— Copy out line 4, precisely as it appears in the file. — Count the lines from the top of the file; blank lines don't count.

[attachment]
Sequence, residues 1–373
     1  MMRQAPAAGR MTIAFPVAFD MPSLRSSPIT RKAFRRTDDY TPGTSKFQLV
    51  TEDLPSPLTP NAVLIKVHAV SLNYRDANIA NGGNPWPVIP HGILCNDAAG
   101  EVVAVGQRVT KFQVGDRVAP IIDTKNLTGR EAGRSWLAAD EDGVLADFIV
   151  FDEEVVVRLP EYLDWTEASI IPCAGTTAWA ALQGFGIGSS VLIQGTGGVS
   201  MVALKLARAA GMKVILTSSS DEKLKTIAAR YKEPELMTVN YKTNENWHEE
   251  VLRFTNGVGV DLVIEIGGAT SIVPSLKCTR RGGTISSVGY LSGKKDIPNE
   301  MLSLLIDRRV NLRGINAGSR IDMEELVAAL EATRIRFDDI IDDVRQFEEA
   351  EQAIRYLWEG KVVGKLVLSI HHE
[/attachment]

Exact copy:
   101  EVVAVGQRVT KFQVGDRVAP IIDTKNLTGR EAGRSWLAAD EDGVLADFIV